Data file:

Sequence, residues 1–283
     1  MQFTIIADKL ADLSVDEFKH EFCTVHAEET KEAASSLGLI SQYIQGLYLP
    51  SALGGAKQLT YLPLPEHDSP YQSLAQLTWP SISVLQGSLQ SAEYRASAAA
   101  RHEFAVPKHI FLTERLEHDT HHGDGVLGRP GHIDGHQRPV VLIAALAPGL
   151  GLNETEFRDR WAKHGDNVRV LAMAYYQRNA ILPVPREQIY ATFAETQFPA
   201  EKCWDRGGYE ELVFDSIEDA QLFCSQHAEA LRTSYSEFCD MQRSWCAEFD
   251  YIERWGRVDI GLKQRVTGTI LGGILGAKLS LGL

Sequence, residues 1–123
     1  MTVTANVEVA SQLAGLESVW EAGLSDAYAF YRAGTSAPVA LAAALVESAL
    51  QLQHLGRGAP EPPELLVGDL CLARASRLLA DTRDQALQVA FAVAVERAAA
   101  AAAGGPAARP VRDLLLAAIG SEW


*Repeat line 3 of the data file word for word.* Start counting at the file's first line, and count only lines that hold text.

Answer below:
    51  SALGGAKQLT YLPLPEHDSP YQSLAQLTWP SISVLQGSLQ SAEYRASAAA